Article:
US President Donald Trump's all-out assault on the United Nations is doing "lasting damage" to international cooperation as the world faces a range of "existential threats", a former WHO chief warned Friday.
Gro Harlem Brundtland, a former Norwegian prime minister who served as head of the UN health agency from 1998 to 2003, said she was deeply concerned about concerted efforts by populist leaders in the US and elsewhere to tear down vital multilateral systems.
She pointed to Trump's recent decision to withdraw the US from the World Health Organization as it attempts to coordinate the response to the global coronavirus pandemic as "perhaps the most astonishingly and transparently counter-productive of all these moves.
"You cannot deal with a pandemic or to avoid or prepare against such a terrible situation without very extensive international collaboration," she told a virtual briefing hosted by the UN press association in Geneva.
Brundtland, currently a member of The Elders, a group of statespeople co-founded by Kofi Annan to advise on global issues, slammed "wilful destructiveness of certain national leaders" who appeared determined to tear down UN agencies and other international institutions at a time when they are sorely needed.
"If we have learned anything from the last few months it is that existential threats like pandemics, climate change and nuclear weapons can only be countered by collective and concerted efforts," she said.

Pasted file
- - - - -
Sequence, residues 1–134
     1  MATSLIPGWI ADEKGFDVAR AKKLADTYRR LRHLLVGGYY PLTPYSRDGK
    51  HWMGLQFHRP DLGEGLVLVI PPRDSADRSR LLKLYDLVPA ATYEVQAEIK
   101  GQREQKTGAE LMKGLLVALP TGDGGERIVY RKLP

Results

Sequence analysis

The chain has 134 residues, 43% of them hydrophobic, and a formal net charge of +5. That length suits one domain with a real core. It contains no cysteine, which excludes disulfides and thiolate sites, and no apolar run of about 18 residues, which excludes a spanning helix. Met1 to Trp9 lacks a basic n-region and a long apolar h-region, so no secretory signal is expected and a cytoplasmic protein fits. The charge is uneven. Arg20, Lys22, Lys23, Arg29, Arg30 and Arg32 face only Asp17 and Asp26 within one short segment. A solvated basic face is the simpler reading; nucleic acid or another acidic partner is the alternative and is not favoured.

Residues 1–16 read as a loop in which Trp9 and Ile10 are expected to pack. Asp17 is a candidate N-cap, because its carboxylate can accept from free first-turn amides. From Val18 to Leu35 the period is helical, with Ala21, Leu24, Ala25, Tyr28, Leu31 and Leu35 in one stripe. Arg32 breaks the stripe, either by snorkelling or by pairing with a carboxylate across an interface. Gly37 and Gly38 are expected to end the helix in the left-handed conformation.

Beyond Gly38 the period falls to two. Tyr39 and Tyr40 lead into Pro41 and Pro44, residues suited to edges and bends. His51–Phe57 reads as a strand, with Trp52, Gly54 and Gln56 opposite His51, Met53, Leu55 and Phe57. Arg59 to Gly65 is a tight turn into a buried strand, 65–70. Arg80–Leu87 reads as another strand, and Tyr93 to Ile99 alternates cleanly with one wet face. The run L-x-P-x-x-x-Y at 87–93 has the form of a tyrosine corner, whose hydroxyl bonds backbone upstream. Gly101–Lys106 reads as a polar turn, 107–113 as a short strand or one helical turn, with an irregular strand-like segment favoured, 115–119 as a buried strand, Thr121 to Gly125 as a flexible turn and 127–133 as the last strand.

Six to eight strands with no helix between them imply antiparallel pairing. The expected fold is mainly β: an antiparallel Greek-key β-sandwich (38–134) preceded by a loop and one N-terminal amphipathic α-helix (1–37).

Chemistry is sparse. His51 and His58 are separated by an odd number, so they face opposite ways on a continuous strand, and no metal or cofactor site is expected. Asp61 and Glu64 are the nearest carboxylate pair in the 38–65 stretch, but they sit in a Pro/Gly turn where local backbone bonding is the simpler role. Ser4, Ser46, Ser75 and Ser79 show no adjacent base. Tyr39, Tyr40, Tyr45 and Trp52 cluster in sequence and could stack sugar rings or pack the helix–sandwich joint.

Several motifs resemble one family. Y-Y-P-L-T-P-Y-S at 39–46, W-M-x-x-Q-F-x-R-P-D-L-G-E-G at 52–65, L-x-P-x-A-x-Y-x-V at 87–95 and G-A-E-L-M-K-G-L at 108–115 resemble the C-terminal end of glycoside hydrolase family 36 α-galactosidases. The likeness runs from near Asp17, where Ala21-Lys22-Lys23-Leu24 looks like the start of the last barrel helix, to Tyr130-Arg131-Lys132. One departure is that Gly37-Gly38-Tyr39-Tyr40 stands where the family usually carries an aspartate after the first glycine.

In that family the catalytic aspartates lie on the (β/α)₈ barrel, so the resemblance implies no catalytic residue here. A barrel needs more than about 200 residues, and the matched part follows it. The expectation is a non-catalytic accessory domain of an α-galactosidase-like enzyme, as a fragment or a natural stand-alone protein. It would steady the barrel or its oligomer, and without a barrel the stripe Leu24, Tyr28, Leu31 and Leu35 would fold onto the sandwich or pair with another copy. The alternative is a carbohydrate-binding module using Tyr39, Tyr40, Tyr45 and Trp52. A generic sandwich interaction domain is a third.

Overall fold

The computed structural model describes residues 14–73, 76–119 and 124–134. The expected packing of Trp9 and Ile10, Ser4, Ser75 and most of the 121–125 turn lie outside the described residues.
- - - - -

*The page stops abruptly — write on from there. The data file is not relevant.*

In addition to announcing that the US, traditionally WHO's largest donor, was leaving the UN health body, Trump has attacked a range of other international institutions since taking power in 2017.
He pulled the US out of the Paris climate accords, quit the UN Human Rights Council, basically shut down the World Trade Organization's appeals body by blocking the appointment of judges, and has begun withdrawing from several major disarmament treaties.
"It is an especially sad irony that this assault on multilateralism is being led by the country that played the single biggest role in the establishment and maintenance of the multilateral system after 1945," Brundtland said.
Under Trump, "the US government has sought to undermine and dismantle some of the crowning achievements of multilateralism," she said.
"To my great regret, the current US administration has done lasting damage to the UN system and the broader principles of multilateralism since 2017."
The pandemic has brought the dangers posed by populist, nationalist and isolationist leaders in a range of countries like Brazil, Hungary, Israel and the Philippines into stark relief, she said.
"It is alarming that some populist leaders have used the crisis as a means of subverting democracy, human rights and accountability," she said.
She also expressed outrage at leaders who have chosen to ignore scientific opinion in a bid to score political points, despite in some cases soaring numbers of cases and deaths in their countries.
"My only hope is that public opinion will change and that in countries like these, the demagoguery and the way they place and describe problems will not be anymore listened to," she said.